A Mother Learns About Kids and Tooth Decay the Hard Way

At age 4, her son needed $3,000 in dental work

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HealthDay Reporter

WEDNESDAY, Feb. 11, 2004 (HealthDayNews) -- Lucia Garcia couldn't believe the call she received four years ago.

Her sister, who was babysitting Garcia's 4-year-old son, Jonathan, said the boy was complaining of a toothache.

"When they start talking about a toothache at that age, you have to wonder, do they really know what a toothache is?" says Garcia, a dental assistant in Chicago. The boy had had a general dental screening at age 3 and everything seemed fine.

Garcia took her son to the dentist, and found out he did indeed know what a toothache was. He also needed about $3,000 in dental work, including one extraction, three root canals and caps for his four front teeth.

"You really don't think there's much that can go wrong with baby teeth," Garcia says, looking back. "They fall out when they get their permanent teeth and that's it."

Garcia now believes her son's diet had a lot to do with his tooth decay. "He ate a lot of pastas, some candy, a lot of juice," she says.

She and her husband also hadn't started brushing Jonathan's teeth until he was 3 years old, and then only every other night.

The dental work was tough on the child. He behaved well during the first visit, although he was a bit scared. "He was OK with the local" anesthetic, Garcia remembers.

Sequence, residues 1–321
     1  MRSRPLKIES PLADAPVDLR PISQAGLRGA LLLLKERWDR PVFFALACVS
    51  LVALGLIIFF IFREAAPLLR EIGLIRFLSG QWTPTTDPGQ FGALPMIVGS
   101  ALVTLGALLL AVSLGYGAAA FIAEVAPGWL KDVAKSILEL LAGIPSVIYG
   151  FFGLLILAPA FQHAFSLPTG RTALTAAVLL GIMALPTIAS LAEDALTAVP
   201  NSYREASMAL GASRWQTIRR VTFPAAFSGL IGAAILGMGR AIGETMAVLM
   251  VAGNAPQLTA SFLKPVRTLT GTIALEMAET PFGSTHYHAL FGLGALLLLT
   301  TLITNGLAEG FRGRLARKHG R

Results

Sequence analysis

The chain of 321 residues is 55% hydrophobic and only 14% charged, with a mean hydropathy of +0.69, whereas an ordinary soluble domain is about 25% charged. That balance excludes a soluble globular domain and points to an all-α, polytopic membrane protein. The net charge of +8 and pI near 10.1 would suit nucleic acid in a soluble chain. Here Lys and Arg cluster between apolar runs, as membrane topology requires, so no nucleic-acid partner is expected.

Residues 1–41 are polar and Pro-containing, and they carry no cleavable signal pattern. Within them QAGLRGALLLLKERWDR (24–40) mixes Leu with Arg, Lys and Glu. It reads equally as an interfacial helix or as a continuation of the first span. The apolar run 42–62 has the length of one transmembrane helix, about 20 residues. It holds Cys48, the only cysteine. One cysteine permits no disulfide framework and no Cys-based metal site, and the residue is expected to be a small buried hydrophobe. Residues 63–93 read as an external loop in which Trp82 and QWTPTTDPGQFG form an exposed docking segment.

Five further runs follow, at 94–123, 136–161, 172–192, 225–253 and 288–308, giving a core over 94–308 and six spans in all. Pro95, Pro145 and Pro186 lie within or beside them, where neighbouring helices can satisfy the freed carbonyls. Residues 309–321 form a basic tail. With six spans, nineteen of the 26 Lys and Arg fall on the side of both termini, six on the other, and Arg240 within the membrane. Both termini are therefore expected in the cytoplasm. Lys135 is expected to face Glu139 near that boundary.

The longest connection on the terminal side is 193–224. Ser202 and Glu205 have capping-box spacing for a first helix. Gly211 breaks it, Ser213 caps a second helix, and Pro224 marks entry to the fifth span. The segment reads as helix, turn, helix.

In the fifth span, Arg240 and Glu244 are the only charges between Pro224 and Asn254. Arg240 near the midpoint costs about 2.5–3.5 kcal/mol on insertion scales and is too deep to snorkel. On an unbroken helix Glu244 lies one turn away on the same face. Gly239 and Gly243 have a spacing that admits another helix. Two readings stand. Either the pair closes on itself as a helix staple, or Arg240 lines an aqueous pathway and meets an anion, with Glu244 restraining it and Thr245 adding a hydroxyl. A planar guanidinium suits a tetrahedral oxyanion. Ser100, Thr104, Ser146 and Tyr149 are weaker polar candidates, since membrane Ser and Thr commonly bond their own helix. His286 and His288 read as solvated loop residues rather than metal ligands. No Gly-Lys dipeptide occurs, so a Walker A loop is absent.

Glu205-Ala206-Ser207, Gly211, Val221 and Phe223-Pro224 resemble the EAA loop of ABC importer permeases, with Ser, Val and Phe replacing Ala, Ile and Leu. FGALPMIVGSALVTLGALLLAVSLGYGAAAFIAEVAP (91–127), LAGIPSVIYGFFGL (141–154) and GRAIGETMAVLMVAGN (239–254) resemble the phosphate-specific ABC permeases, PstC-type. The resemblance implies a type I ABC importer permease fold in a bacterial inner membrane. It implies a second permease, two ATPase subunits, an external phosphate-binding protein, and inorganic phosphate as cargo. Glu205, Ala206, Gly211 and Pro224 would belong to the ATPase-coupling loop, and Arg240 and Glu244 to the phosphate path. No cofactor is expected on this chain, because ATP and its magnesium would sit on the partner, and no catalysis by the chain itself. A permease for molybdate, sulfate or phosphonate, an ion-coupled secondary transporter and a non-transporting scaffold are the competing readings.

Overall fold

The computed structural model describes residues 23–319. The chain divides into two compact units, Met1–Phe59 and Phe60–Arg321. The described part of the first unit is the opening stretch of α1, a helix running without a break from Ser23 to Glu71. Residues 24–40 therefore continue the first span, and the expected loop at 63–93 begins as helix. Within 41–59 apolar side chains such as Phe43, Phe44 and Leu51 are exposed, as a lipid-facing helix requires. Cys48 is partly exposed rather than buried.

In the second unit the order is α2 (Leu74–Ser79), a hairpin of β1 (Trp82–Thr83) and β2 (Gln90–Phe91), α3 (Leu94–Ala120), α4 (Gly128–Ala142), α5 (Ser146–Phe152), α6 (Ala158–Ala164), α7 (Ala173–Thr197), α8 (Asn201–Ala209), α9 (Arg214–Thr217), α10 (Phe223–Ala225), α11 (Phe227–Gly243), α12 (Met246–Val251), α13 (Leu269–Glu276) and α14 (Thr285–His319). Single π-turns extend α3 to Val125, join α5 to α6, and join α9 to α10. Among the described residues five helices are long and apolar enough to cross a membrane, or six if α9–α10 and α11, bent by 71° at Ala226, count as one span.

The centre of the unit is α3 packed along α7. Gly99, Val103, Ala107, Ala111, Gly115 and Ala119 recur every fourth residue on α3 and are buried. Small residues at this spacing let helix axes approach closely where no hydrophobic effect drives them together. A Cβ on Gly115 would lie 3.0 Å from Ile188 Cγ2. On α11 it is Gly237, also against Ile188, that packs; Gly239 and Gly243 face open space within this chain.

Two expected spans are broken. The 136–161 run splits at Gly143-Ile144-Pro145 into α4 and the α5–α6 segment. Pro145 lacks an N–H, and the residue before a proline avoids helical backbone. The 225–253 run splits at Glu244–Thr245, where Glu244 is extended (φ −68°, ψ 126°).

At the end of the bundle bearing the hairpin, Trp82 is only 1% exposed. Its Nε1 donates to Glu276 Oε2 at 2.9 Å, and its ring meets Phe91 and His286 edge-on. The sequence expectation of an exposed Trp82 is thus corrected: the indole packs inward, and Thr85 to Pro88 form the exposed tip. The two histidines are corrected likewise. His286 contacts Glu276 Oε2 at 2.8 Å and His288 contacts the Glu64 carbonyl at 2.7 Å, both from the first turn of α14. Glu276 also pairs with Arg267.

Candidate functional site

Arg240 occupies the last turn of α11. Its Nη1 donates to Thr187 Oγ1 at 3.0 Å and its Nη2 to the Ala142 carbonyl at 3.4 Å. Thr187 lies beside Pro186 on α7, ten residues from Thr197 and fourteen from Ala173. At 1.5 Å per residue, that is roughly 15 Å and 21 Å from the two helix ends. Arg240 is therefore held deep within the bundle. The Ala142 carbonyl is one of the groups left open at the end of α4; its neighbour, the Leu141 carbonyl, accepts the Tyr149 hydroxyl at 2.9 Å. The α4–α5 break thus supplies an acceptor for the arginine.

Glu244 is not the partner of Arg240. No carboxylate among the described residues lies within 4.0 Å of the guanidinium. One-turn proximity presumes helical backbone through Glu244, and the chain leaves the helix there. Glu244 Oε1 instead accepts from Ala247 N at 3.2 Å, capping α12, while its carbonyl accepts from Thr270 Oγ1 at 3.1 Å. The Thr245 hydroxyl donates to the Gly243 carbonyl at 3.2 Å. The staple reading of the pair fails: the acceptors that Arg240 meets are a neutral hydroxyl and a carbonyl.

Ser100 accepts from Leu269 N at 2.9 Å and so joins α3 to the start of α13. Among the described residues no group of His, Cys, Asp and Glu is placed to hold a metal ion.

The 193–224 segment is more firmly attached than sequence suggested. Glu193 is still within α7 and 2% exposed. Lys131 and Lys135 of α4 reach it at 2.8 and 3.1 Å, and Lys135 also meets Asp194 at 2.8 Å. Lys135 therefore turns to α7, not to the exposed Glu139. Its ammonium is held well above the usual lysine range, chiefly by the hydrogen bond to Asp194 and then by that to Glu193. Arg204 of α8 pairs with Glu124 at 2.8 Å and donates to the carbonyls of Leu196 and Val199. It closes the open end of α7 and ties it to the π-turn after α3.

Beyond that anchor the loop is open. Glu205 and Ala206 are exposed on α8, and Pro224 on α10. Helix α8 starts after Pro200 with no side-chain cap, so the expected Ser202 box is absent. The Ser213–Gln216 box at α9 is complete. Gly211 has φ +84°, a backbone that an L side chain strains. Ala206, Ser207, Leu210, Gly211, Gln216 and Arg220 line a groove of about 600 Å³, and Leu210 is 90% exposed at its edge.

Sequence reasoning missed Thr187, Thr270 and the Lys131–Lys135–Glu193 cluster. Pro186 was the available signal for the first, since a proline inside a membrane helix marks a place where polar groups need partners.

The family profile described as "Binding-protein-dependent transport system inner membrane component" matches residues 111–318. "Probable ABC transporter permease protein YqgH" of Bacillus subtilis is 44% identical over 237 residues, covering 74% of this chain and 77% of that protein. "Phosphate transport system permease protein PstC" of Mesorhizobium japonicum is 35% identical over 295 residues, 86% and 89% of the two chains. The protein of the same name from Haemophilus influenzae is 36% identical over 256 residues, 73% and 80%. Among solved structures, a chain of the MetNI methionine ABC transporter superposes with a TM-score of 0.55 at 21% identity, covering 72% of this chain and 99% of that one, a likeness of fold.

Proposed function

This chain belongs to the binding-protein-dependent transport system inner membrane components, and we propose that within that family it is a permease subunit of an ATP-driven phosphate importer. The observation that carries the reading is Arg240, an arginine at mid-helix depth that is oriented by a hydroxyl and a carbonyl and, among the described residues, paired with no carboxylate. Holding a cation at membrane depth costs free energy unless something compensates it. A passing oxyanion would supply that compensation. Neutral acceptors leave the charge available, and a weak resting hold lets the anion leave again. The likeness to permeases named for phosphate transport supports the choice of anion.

But on the second visit, Jonathan "flipped out," Garcia says. "He was tired. I brought him in late in the afternoon. He just walked in and said, 'I don't want to do it.'"

Garcia had to take him home and schedule a third visit. That time, the dentist sedated Jonathan and performed all the necessary work at once.

Garcia took the lessons learned from her first son and applied them to her second boy, Isaiah, who is now is 2. Jonathan is 8.

"His first two teeth, we were brushing," Garcia says of Isaiah. The boy had his first dental visit by his first birthday, and cleanings every six months after that.

"He is doing great, no cavities, no nothing," she says. Jonathan also has a healthy smile now, too.

Garcia says it can be difficult to get a child Isaiah's age to sit still for a brushing. So she makes it a game by giving him the toothbrush after she's done to let him have his turn.

"You just have to make it fun for them to want to do it," she says.

She also got Isaiah interested in brushing by getting him a battery-powered spinning toothbrush for children. "We don't have to play any games with that one," she says.

SOURCE: Lucia Garcia, Chicago

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